It is into stoppage time at Tynecastle Park. Heart of Midlothian, leading 2-0, are easing their way to three points and an early Christmas present against St Mirren.

The Buddies have been kept at an Inspector Gadget's arm's length. Their last attempt at goal, a tame Scott Tanser header, had come nearly 15 minutes previously. Keanu Baccus, for the first time in the match, appeared to get some breathing space in the midfield. Nope, Beni Baningime scuttled across to pick his pocket. 

Only a couple of minutes earlier Hearts should have had a third goal as they suffocated the visitors. First Alan Forrest had pressed Tanser, then came Calem Nieuwenhof. As the ball was passed back to Zach Hemming in the St Mirren goal Lawrence Shankland exerted pressure. The goalkeeper's terribly slack pass was pounced upon by Macaulay Tait whose shot was saved.

These moments epitomised Hearts' performance. A performance which resonated with fans. One full of energy and aggression. There was a lot to like about it.

READ MORE: Hearts take command of 3rd: Big result, inevitable Shankland, shape, Halkett start

The plan

While there were very positive elements about the Hearts performance, the starting shape wasn't as effective as Steven Naismith hoped. He had tweaked the system to something more like a 5-4-1 or 3-4-3. It required Nathaniel Atkinson and Alex Cochrane to move centrally and open up space for Yutaro Oda and Barrie McKay on the right and left respectively.

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"We didn’t manage to break their press well enough and I think that is probably for me and the coaches to take on the chin," Naismith admitted.

"St Mirren are really good and well organised, and it’s really important to break their press. If you don’t break their press then they control the game and it becomes a bit stop-start and it can be difficult. We wanted to get a few players who are good in 1v1 situations on the pitch. It was a game that was going to take time."

READ MORE: Interest in Shankland and tactical tweaks against St Mirren - Steven Naismith Q&A

Between them McKay and Oda had just three passes into the box as Hearts struggled to get them into dangerous positions on a consistent basis. As Naismith noted, St Mirren are very good off the ball meaning the team need to handle the ball really well and move it really well, both at pace.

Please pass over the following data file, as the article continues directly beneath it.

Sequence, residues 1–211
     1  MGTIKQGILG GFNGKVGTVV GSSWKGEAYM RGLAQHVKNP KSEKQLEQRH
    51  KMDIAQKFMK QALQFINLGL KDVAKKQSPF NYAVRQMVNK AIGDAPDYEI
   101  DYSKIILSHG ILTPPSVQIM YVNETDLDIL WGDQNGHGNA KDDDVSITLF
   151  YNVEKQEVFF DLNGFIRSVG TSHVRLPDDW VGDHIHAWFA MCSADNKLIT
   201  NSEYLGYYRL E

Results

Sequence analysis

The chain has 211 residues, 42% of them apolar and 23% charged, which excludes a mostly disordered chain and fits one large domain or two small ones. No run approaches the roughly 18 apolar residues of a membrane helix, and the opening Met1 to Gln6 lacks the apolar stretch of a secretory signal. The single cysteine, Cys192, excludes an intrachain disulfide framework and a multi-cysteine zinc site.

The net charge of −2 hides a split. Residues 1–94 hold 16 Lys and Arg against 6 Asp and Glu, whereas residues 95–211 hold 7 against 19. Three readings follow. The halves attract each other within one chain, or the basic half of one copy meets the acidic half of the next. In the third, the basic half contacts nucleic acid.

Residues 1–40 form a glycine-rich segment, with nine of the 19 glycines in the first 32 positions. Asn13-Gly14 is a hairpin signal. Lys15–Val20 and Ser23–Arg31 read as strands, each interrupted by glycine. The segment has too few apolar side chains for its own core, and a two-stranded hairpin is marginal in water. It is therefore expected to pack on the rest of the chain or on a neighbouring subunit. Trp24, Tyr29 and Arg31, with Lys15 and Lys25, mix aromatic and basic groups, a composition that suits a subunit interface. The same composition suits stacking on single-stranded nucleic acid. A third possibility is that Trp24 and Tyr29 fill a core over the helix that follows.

Cochrane got a pass from Baningime centrally but a loose touch saw the Buddies regroup and force Hearts back. Below you can see how narrow the full-backs are.

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When the ball was moved into the centre of the pitch, St Mirren were ready to pounce. As you can see from the heatmap there is a lot of pressure between the centre circle and the Hearts box. Baningime was often a target.

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Below, there is a pass into the midfielder and Mark O'Hara is onto him.

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There were times where the St Mirren midfield were like velociraptors, coming from all angles to put pressure on Baningime. He gets a foul from O'Hara in the 20th minute. Thirty seconds later Baccus is up his backside forcing him backwards. There were so many examples of Baningime getting the ball while St Mirren players swarmed the space around him. The two moments below came within 15 seconds of each other.

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A minute later there was a similar moment as above with Baningime going back to Kent. It saw the defender play the pass of the match out to Alex Cochrane in the space Hearts wanted which led to the first of two corners prior to Shankland's opener.

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It wasn't just the former Everton midfielder who was under pressure by St Mirren. Atkinson was often being found centrally but twice gave up possession due to the black and white bodies hunting him down.